According to press reports, state health officials are investigating a salmonella death in Ardmore, Oklahoma. 72-year-old Dewey Teeg died recently of salmonella poisoning, according to the reports. Officials would not confirm where Teeg was infected, but say its an ongoing investigation.
Elderly people sometimes suffer devastating illnesses in situations where otherwise health adults would not. Here are a few reasons why:
1. Aging of the Gastrointestinal Tract—An Invitation to Infection
Inflammation and shrinkage of the gastric mucosa increase with age. These changes lead to low gastric acidity. In patients with gastric ulcer disease, the drugs used to treat the condition further block gastric acid production. Because stomach acids play an important role in limiting the number of bacteria that enter the small intestine, low gastric acidity increases the likelihood of infection if a pathogen is ingested with food or water.
Gastrointestinal mobility (peristalsis) decreases with age. Peristalsis, which is the mechanism that propels the stomach contents through the intestinal tract, is also the mechanical means for removing ingested, life-threatening pathogens. The risk of infection by potentially invasive pathogens corresponds with the duration of contact between the pathogen and the intestinal mucosa. Thus, a decrease in peristalsis delays the clearance of the pathogen from the intestinal tract and contributes substantially to the increased prevalence and severity of infection in the elderly.
2. A Higher Prevalence of Underlying Medical Conditions
Underlying medical conditions or disease (co-morbid factors) also contribute to the morbidity and mortality of infection in the elderly. Among hospitalized patients, those older than 65 develop pneumonia twice as often as younger patients due to poor nutrition, neuromuscular disease (poor cough reflex and aspiration), pharyngeal colonization, depressed level of alertness, endotracheal intubation, intensive care unit admission, nasogastric tube use, and antacid use. Pneumonia is the leading infectious cause of death in the elderly.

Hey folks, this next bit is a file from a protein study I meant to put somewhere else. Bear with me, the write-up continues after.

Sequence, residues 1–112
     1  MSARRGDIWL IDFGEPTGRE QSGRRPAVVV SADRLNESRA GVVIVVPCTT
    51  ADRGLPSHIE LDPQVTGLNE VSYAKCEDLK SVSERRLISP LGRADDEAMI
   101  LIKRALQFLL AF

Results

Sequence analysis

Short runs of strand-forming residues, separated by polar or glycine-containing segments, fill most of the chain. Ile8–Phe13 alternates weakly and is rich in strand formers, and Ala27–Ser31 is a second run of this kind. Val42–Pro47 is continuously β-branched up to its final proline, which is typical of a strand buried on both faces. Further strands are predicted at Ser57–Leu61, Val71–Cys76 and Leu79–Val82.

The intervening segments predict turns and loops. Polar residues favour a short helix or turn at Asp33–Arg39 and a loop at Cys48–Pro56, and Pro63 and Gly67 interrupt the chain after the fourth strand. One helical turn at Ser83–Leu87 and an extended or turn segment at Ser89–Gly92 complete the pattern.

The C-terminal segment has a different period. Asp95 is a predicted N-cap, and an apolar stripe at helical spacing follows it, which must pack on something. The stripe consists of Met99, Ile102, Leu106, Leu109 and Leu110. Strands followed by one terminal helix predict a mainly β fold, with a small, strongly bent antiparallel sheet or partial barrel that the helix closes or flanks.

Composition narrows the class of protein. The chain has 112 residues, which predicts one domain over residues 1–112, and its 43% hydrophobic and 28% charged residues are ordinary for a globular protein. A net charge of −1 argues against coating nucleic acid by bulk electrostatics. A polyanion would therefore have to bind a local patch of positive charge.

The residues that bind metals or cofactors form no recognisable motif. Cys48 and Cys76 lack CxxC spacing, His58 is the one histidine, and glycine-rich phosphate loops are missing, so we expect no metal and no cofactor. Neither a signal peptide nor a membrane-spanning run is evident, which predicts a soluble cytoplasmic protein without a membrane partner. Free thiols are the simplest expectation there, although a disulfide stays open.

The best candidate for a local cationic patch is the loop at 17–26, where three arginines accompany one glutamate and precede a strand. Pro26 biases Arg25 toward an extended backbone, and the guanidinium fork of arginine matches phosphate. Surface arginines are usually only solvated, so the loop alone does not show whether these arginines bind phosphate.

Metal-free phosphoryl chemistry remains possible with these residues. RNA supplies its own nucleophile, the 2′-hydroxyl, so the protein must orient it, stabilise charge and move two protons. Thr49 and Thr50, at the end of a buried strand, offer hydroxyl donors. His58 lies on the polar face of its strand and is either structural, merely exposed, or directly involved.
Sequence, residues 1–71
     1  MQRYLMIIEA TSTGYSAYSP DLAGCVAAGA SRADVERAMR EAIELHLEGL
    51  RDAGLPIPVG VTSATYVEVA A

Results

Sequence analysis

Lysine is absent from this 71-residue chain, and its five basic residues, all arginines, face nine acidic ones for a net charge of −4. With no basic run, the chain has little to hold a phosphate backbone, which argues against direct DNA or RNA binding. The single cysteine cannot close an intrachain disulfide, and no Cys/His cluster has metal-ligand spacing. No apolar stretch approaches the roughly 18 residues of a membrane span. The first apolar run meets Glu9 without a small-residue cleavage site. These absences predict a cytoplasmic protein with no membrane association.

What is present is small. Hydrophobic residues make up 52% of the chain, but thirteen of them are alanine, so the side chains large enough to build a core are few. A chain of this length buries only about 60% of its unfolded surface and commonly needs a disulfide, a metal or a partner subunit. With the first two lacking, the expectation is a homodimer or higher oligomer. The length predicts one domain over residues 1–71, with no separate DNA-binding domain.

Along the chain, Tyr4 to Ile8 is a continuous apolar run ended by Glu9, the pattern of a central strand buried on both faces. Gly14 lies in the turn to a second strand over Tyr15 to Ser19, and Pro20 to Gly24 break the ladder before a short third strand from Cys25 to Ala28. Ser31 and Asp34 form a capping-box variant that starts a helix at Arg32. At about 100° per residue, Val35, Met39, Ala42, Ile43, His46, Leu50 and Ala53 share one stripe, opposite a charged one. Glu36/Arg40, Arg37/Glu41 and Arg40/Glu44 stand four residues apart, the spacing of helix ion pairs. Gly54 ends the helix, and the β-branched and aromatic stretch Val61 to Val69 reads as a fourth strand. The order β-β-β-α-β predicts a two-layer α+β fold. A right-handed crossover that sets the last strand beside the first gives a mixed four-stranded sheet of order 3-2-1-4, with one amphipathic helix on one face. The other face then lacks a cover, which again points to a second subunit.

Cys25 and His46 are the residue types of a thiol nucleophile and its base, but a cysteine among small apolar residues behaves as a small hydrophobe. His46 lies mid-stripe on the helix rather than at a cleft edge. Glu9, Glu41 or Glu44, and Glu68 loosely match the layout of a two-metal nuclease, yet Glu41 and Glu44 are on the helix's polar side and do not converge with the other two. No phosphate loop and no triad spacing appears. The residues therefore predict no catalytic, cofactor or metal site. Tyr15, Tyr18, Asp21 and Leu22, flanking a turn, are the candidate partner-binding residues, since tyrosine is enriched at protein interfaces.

Atherosclerosis, another common co-morbid disease, compromises circulation and blood flow to the peripheral tissues and the skin, particularly in elderly individuals who are hospitalized and bedridden with an infectious illness. Unfortunately, it is the skin and the previously discussed mucous membranes that serve as the body’s first line of defense against invasion by infectious microorganisms. Loss of the integrity of the skin may result in the development of pressure ulcers, which are warm, moist mediums for infectious microorganisms to rapidly multiply and are associated with a number of infectious complications.
When an infectious microorganism, regardless of source, gains access to the bloodstream, the patient may develop systemic sepsis, also know as bacteremia. Bacteremia is most common in people who are already affected by, or are being treated for, some other medical problem (co-morbid disease); conversely, people in good health with strong immune systems rarely develop bacteremia. The main sources of bacteremia in elderly patients are the urinary tract, gastrointestinal tract, respiratory tract, and the skin. Other potential sources include surgical wounds, invasive tubes and catheters, intravenous lines—virtually any site where an invasive medical procedure has occurred. Bacterial organisms most likely to cause bacteremia include members of the Staphylococcus, Streptococcus, and Escherichia coli genera. Because bacteremia is far more prevalent in those with co-morbid conditions, which group is substantially populated by the elderly, the presence of co-morbid conditions is clearly a determinant of the mortality associated with infectious disease.
3. A Weakened Immune System—the Inability to Fight Off Infection
With advancing age come progressive weakness, decline, and dysfunction of the immune system. Many of the body’s natural physiologic responses to infection are therefore blunted in the elderly; and the intensity of many clinical signs and symptoms in an elderly patient with an infectious process are muted when compared to those in a younger person. This age-related decline contributes significantly to the increased risk of severe illness and mortality in elderly persons with infectious disease.
The effect of a weakened immune response on the health of an elderly person often manifests most apparently during periods of intense stress (e.g., surgery, sepsis, multiple organ failure, malnutrition, dehydration).